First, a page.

Educator and social activist Henrietta Szold is best known as the founder of Hadassah.
Dare to dream... and when you dream, dream big.
Szold was born in Baltimore, Maryland in 1860. The oldest of eight daughters of a well-known rabbi, Henrietta graduated high school in 1877. Having achieved an outstanding academic record, she began teaching at a Baltimore girls' school. For the next fifteen years, she taught a broad range of subjects, including languages, mathematics, and history.
Also during this time, she developed a night school program to help newly arrived immigrants learn English and civics. By 1898, more than 5,000 Jewish and non-Jewish immigrants had attended the program. In addition, in 1893 Szold became the first full-time secretary of the Jewish Publication Society of America, a position she held for twenty-three years, with duties similar to the position of editor-in-chief.
Her commitment to Zionism was heightened by a trip to Palestine in 1909, at age 49. Here, she discovered her life's mission: the health, education and welfare of the Yishuv (pre-state Jewish community of Palestine).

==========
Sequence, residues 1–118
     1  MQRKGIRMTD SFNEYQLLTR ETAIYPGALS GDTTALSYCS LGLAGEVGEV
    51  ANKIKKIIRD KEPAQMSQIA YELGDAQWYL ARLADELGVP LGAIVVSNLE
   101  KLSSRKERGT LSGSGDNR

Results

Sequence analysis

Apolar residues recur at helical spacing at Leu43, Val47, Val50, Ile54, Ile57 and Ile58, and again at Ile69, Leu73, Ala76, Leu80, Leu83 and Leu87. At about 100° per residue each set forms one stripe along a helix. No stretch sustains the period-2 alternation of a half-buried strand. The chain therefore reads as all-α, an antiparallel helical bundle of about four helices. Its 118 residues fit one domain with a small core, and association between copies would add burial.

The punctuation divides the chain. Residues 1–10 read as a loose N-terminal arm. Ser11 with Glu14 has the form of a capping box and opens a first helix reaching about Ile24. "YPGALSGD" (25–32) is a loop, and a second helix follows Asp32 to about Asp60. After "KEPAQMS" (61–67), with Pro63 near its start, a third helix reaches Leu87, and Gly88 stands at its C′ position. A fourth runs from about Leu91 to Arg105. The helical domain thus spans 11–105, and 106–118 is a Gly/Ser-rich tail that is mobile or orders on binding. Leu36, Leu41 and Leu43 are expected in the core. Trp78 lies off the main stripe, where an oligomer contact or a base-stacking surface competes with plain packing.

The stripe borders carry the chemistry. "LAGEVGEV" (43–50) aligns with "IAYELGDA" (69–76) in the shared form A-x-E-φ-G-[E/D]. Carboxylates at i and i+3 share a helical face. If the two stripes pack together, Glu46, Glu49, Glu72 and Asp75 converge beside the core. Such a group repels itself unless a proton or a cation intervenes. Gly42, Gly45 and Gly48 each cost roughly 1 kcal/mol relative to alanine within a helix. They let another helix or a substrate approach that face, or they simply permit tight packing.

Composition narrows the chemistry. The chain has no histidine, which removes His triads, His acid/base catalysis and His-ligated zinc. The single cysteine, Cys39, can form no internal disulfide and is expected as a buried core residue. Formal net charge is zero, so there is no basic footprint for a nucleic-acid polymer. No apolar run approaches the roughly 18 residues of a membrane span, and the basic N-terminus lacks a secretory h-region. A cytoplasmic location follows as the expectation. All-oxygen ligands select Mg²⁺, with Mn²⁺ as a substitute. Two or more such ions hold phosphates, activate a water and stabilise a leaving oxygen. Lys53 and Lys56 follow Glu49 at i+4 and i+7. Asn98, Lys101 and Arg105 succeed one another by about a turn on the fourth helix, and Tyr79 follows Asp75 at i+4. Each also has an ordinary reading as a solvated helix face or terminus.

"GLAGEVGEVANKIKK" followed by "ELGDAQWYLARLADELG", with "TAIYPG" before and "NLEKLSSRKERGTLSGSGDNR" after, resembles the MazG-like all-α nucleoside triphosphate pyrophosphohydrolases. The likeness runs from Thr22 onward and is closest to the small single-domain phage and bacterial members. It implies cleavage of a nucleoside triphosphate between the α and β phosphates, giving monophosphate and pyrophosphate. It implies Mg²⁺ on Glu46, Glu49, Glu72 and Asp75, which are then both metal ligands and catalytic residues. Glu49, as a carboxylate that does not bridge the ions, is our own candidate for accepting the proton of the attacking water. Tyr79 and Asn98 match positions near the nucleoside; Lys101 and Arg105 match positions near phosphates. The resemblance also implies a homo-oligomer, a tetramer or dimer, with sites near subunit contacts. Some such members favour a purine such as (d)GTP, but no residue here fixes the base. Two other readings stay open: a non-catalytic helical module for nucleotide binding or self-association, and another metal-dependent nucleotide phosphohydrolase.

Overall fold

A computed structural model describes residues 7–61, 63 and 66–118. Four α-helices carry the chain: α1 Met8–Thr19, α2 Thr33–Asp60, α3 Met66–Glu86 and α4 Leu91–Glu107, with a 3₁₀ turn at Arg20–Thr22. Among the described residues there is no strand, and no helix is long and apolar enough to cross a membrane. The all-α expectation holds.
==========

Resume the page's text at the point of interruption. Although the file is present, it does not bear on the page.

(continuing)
In 1912 she founded Hadassah (from the Biblical name for Queen Esther, one of the greatest Jewish heroines), which has since become one of the largest American women’s social action organizations. The organization is credited with having had a profound effect on the establishment of life-changing medical, educational, and social practices in pre-state Israel.
Hadassah funded hospitals, a medical school, dental facilities, x-ray clinics, infant welfare stations, soup kitchens and other services for Palestine's Jewish and Arab inhabitants.
Szold persuaded her colleagues that practical programs open to all were critical to Jewish survival in the Holy Land. She founded Hadassah in 1912 and served as its president until 1926. Impressed by the beauty of the countryside, but appalled by the overwhelming conditions of poverty and disease, she returned to the U.S. determined to make a difference in pre-state Israel.
In 1920, Szold returned to Palestine to help the AZMU and spent most of the next twenty-five years there. During this time, her last significant and possibly most important achievement occurred; Szold directed Youth Aliyah, which brought more than 11,000 young people from the threats of Nazi Europe to pre-state Israel. This effort, as much as anything Szold did in her 84 years of social activism, bore witness to her oft-repeated phrase, “make my eyes look toward the future.”
Through her lifetime of service to the Jewish people, Henrietta Szold helped shape the political, cultural, and social worlds of Jews in both the United States and Israel and created a new world of opportunity for Jewish women. Even before her death in 1945, she had become an icon for the practical idealism that could build a Jewish state.